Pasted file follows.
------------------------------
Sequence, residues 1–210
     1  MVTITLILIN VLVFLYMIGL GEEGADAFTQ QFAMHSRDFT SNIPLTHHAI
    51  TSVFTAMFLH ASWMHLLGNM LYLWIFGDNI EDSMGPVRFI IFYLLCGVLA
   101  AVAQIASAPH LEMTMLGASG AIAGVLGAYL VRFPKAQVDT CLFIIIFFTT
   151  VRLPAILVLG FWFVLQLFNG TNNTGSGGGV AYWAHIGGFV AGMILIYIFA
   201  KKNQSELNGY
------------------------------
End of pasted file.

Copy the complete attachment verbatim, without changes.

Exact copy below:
Sequence, residues 1–210
     1  MVTITLILIN VLVFLYMIGL GEEGADAFTQ QFAMHSRDFT SNIPLTHHAI
    51  TSVFTAMFLH ASWMHLLGNM LYLWIFGDNI EDSMGPVRFI IFYLLCGVLA
   101  AVAQIASAPH LEMTMLGASG AIAGVLGAYL VRFPKAQVDT CLFIIIFFTT
   151  VRLPAILVLG FWFVLQLFNG TNNTGSGGGV AYWAHIGGFV AGMILIYIFA
   201  KKNQSELNGY